Women’s hockey uses NCAA tournament as benchmark for season
April 2, 2010
The women’s hockey team played in the NCAA tournament for the second consecutive season, losing to Gustavus Adolphus College by two goals March 13 in St. Peter, Minn.
The team made the tournament by winning the NCHA conference tournament for the second consecutive year, and earning an automatic bid. The Falcons defeated UW-Superior by one goal on March 6 earn their spot in the tournament.
However, with high team expectations coming into the season, they said that this was not the surprising finish that they were looking for.
Head Coach Joe Cranston, in his 11th season, has had plenty of experience with seasons of high expectation.
“I think this was a year of underachievement,” he said. “It’s always tough to come in off a good year like we had in 2009, and not let down a little bit. We’ve had better years, and we’ve had worse.”
Cranston was also disappointed with the way the team ended the season, by losing on the road in the NCAA tournament.
“I don’t mind that we lost to Gustavus; what bothers me is that we played that poorly in March,” he said. “That was our worst team effort in years.”
At this time last season, the Falcons were experiencing a different tournament run. They made it to the frozen four last season by defeating Gustavus 2-1, and ended up taking fourth in the tournament.
Junior goaltender Cassi Campbell said that this season was different than others in the past with the goals that the team brought in.
“This was the first time that any of us had been the team with the target on our backs as collegiate athletes, and I think that really was a big hurdle for us all season and that we struggled with that expectation all year,” she said.
Junior Forward Jessica Thompson said that the team’s effort was not enough to push them past Gustavus.
“Losing the first round NCAA playoffs wasn’t easy,” she said. “The effort was there for our team but we weren’t mentally prepared for the game.”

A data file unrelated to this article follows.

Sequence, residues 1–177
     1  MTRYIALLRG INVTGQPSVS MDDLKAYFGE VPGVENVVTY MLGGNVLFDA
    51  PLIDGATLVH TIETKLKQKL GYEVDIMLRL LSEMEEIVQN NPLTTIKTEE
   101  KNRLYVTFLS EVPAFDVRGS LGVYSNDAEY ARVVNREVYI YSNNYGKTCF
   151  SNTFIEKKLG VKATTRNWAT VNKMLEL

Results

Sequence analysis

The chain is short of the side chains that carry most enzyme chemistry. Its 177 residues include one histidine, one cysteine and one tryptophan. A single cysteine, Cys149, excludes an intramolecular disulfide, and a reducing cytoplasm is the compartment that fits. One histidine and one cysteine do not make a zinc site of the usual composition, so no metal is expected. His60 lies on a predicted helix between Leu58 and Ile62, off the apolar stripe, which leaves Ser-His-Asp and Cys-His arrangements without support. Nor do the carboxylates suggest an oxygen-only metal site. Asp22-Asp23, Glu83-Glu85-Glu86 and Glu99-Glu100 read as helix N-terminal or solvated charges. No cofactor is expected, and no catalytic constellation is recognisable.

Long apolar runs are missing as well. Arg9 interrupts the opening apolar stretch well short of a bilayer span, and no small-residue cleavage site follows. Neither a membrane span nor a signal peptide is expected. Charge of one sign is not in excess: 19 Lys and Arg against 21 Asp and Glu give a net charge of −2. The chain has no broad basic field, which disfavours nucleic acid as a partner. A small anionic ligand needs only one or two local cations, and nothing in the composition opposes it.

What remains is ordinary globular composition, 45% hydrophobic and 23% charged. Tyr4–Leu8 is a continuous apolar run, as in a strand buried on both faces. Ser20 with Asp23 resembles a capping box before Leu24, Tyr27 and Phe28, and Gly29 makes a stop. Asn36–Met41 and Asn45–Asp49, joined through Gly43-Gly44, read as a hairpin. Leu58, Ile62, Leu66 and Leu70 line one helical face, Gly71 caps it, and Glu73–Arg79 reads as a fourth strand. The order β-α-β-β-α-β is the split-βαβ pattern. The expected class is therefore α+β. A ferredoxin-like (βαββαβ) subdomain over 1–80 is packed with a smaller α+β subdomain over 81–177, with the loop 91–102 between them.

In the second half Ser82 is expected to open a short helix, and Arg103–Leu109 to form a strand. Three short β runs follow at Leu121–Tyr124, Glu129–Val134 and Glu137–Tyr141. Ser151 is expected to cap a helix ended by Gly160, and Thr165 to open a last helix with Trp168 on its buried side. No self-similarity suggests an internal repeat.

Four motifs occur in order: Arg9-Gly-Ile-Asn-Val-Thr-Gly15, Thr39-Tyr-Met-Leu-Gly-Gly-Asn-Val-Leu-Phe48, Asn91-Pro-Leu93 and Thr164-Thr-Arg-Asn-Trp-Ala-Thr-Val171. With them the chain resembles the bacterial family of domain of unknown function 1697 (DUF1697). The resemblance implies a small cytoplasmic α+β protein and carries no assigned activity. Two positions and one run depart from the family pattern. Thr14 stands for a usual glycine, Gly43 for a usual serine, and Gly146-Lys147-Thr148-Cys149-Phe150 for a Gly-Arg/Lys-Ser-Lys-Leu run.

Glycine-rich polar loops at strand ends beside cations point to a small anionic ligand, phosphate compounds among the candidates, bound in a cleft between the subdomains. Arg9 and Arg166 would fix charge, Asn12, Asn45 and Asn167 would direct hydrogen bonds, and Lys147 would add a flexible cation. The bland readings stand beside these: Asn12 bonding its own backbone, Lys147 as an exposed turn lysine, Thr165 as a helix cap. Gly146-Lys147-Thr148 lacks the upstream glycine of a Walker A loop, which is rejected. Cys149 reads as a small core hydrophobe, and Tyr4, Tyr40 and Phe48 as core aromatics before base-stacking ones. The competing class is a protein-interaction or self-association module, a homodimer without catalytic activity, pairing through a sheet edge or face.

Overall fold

The expectations were not only teamwide, but nationwide as well.
According to the United States College Hockey Online Web site, the Falcons were ranked fourth in the last Div. III women’s poll, with Gustavus ranked sixth.
Gustavus lost their next NCAA tournament game to the eventual Div. III champions Amherst College.
Despite the loss in the NCAA tournament, Campbell said that the team was happy with the impressive run to get into the tournament in the first place.
“Going into the O’Brien Cup Tournament as a 3rd seed, and coming out champions for a second consecutive year was something not many teams can say they’ve done,” she said. “That was a really big accomplishment for us.”
With the completion of the season, the beginning of the offseason brings a look ahead to the next season. Cranston said that this means optimism for the team, which can use the experience from last season to play better in the next.
“Every returning player knows that they have to be a better player come fall than they are right now,” he said. “I don’t think we had that mentality last year at this time.”
Cranston also said that the team that will skate next season could be better than ever with returning players mixed with new ones.
“I feel good about next year’s team, he said. “We have a good mix of returners, along with some really good recruits.”
Campbell said that the team next year is optimistic that they can be one of the better teams in the NCHA, and possibly make a third consecutive appearance in the NCAA tournament.
“We’ve lost three very important and crucial members of our team, but are bringing in some freshmen that can really do some damage,” she said. “Our team is very close to one another, and I think that we all look forward to proving that we are the team to beat in not only the NCHA, but also the nation.”
Thompson also agrees that the team is optimistic for next season, and will take experiences from this season to the next.
“I feel the team has learned from our faults and can only take those experiences and grow,” she said. “I personally am extremely excited for next season and can only wish for the best.”